18. A system, comprising: a central processing unit; memory; a lens; input-output circuitry; an array of image sensor pixels arranged in rows and columns, wherein the lens focuses image light onto the array of image sensor pixels, wherein the image sensor pixels are configured to generate analog image signals in response to the image light, wherein a given image sensor pixel within the array of image sensor pixels generates a given analog image signal with noise; and booster circuitry coupled to the given image sensor pixel to provide the given image sensor pixel with a control signal for a transistor within the given image sensor pixel, wherein the control signal comprises a noise cancelation signal used to remove the noise within the given analog image signal.

19. The system defined in claim 18, wherein the booster circuitry is operable in a mode of operation selected from a group consisting of: a first mode of operation that generates the control signal which includes the noise cancelation signal used to remove the noise; and a second mode operation that generates the control signal without the noise cancelation signal used to remove the noise.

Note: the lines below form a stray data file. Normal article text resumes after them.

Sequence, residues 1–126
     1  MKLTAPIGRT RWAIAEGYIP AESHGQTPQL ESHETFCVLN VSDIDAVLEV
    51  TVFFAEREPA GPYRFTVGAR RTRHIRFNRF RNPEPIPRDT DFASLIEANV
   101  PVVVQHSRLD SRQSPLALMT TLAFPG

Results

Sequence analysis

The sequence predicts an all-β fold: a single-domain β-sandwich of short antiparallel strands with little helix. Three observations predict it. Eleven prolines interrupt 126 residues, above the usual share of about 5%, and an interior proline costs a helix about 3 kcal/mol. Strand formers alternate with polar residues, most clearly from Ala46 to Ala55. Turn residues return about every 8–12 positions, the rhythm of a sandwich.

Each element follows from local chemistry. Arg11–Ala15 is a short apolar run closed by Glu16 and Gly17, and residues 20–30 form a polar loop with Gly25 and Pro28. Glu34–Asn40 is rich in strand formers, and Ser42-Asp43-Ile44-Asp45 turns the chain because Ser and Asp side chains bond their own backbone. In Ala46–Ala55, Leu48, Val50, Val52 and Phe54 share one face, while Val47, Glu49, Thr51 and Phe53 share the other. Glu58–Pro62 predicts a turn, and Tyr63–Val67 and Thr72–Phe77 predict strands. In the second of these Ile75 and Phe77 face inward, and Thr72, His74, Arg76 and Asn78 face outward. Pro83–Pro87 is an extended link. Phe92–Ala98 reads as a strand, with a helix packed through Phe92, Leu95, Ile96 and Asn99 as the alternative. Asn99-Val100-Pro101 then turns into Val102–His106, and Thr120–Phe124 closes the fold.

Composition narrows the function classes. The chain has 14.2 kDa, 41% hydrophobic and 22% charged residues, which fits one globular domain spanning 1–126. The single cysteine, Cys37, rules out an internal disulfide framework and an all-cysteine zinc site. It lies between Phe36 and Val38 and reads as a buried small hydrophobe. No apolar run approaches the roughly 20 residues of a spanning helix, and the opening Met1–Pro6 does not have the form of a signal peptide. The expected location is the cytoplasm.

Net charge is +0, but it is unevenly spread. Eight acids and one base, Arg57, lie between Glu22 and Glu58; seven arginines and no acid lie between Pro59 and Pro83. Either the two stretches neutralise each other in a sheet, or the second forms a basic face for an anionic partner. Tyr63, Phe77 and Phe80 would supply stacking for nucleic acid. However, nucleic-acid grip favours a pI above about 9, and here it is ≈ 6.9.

20. The system defined in claim 18, wherein the array of image sensor pixels includes a reference pixel that is shielded from image light, and wherein the reference pixel is coupled to the booster circuitry and provides a reference signal to the booster circuitry in order to generate the noise cancellation signal.

Description:

BACKGROUND

This relates generally to imaging devices, and more particularly, to imaging devices having power supply noise rejection capabilities.

Image sensors are commonly used in electronic devices such as cellular telephones, cameras, and computers to capture images. In a typical arrangement, an electronic device is provided with an array of image pixels arranged in pixel rows and pixel columns. Circuitry is commonly coupled to each pixel column for reading out analog image signals from the image pixels. Power supplies (e.g., voltage sources) are used to provide a power supply voltage to image pixels to drive any relevant circuitry.